Holland Track recognised
Visitors to Newdegate can experience a slice of history at the Hainsworth Museum, with a new exhibition commemorating both the historic Holland Track and John Holland Way.
The display, while a work in progress, will feature artefacts found on the Holland Track, a replica wheelbarrow, photos, school projects and other items pertinent to the gold rush era.
The Holland Track, now frequented by 4WD devotees, was originally the road carved out by gold prospectors on their way to Coolgardie from Broomehill and Albany.
John Holland Way is accessible by all vehicles and hosts some of the State's most spectacular wildflower displays in late winter and early spring.
Museum co-ordinator Susan Hall, who is also the vice-president of the Newdegate Community Development Association, said the historic Holland Track and John Holland Way were significant to the history of the region, and preserving them was important to community members.
Mrs Hall said parts of the Holland Track were only a few kilometres out of the township of Newdegate.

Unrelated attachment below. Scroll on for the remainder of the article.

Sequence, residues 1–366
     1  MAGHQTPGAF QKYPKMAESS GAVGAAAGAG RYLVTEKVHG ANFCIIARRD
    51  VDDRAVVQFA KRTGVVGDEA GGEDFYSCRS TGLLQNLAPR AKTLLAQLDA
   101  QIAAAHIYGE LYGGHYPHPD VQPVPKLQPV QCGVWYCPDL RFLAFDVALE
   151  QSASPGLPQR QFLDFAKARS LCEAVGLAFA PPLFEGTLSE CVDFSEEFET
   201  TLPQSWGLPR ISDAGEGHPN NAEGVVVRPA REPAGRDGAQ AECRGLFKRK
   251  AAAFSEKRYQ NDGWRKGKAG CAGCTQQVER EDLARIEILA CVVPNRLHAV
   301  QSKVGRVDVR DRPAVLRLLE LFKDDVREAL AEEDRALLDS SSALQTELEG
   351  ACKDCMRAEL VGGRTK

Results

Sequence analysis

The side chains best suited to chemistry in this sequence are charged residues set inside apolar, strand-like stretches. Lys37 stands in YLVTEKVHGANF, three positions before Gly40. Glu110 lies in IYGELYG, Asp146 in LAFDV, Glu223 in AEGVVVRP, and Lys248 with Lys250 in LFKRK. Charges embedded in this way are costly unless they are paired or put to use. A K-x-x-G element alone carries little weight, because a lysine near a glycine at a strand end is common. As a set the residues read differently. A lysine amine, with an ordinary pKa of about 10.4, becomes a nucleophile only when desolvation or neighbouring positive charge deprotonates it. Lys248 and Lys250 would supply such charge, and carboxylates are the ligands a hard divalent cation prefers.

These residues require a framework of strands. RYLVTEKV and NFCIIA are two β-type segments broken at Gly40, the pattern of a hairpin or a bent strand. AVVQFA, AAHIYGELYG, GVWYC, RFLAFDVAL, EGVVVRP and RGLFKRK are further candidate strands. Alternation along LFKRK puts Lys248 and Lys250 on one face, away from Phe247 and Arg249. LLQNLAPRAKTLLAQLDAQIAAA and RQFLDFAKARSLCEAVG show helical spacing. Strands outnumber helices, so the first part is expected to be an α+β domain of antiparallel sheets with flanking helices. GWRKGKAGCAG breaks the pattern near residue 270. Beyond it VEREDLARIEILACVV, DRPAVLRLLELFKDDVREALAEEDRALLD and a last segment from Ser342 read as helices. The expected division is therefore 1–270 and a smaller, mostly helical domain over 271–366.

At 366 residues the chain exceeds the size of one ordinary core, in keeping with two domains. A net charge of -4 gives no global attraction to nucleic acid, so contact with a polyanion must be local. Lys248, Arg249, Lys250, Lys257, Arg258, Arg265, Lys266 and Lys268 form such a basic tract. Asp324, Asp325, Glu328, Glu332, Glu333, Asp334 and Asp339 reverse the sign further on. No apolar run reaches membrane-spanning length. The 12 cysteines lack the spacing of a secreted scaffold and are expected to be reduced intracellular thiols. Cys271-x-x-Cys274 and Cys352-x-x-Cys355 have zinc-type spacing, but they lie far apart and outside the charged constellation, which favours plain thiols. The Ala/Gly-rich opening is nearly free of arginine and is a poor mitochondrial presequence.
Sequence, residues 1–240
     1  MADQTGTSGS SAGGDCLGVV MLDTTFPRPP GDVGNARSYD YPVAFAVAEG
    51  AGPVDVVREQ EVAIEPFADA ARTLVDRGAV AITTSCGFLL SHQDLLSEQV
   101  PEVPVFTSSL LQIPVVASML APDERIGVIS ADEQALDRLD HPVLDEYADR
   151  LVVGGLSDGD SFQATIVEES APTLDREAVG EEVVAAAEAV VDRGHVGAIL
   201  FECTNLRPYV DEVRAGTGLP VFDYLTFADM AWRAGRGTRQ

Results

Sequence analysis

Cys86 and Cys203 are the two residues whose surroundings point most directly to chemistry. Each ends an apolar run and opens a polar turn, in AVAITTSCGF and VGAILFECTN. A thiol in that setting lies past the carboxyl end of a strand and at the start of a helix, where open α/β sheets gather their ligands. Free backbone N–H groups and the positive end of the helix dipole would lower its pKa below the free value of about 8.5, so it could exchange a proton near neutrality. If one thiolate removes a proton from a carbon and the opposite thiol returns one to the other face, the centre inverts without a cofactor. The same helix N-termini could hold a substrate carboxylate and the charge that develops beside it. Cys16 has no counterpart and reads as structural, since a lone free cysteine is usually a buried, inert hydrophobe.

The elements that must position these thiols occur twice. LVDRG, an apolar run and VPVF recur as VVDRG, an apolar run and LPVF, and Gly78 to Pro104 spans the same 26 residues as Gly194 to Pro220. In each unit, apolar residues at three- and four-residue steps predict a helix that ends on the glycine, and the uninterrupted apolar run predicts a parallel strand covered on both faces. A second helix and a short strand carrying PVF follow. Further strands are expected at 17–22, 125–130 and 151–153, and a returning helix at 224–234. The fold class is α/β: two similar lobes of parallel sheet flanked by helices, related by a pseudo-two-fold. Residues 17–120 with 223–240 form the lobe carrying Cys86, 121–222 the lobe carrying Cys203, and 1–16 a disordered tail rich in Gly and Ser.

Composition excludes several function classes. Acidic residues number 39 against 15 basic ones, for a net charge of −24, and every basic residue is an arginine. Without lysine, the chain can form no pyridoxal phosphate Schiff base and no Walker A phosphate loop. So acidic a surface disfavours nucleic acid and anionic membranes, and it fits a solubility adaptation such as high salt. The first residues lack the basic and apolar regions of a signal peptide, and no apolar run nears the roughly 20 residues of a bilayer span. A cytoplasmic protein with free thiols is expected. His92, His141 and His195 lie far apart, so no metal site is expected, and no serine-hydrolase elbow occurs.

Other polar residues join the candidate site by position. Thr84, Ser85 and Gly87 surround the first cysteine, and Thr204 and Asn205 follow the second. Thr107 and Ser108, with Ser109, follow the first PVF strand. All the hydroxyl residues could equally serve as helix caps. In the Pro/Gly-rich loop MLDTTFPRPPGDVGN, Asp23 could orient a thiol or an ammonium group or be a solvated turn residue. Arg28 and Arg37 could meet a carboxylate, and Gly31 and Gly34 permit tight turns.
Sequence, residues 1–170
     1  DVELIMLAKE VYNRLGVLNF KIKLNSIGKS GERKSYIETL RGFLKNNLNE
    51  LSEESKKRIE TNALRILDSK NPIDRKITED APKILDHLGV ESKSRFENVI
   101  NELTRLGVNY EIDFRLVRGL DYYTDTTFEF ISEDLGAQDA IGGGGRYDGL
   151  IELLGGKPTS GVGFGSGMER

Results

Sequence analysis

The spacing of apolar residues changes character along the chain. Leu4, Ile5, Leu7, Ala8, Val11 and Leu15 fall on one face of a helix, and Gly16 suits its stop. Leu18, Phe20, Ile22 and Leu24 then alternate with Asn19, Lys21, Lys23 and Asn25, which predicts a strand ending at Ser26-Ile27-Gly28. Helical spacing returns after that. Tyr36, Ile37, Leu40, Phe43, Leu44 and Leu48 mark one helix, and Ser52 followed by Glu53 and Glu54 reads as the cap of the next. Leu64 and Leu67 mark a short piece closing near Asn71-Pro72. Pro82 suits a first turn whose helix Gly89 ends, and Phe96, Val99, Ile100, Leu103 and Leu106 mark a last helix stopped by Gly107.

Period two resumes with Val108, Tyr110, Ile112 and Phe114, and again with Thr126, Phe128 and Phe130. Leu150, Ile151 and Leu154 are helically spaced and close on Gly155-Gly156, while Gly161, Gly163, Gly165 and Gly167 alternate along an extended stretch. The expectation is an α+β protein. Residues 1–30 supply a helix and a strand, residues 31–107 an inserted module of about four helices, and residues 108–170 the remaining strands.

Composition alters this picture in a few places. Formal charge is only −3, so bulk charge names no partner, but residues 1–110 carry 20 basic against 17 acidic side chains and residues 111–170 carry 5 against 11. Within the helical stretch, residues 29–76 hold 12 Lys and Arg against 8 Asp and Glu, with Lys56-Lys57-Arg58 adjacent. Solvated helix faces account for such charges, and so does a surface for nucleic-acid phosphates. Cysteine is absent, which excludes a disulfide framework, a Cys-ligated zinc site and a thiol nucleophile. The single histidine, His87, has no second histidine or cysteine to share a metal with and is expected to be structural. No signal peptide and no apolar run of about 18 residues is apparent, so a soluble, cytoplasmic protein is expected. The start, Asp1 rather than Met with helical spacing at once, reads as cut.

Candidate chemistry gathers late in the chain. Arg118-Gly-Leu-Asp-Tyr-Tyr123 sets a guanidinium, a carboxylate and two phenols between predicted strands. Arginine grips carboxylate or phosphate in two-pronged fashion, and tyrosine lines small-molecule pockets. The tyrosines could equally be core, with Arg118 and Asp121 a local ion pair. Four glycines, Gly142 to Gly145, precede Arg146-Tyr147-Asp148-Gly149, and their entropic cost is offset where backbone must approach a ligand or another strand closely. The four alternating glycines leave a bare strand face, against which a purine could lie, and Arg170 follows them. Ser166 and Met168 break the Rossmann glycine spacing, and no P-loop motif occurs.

"The track originated in Broomehill and went all the way to Coolgardie. John Holland carved this track because it was the quickest way to get to the Goldfields," she said.
"People from the Eastern States would come over on a boat to Albany and, after making their way to Broomehill, would use horses and camels to trek up to Coolgardie.
"A lot of people just walked with a wheelbarrow, which is why we have a replica wheelbarrow in the display."
Mrs Hall said that in one section of the track, on the Dragon Rocks nature reserve, you could still see the tracks of carts that had travelled over the rocks.
She said the museum, which was run by Newdegate volunteers, had received widespread support from the community and from tourists passing through town.
''The Hainsworth Museum is on the corner of Mitchell and Collier Streets, Newdegate. Open Thursdays 11am to 4.30pm.
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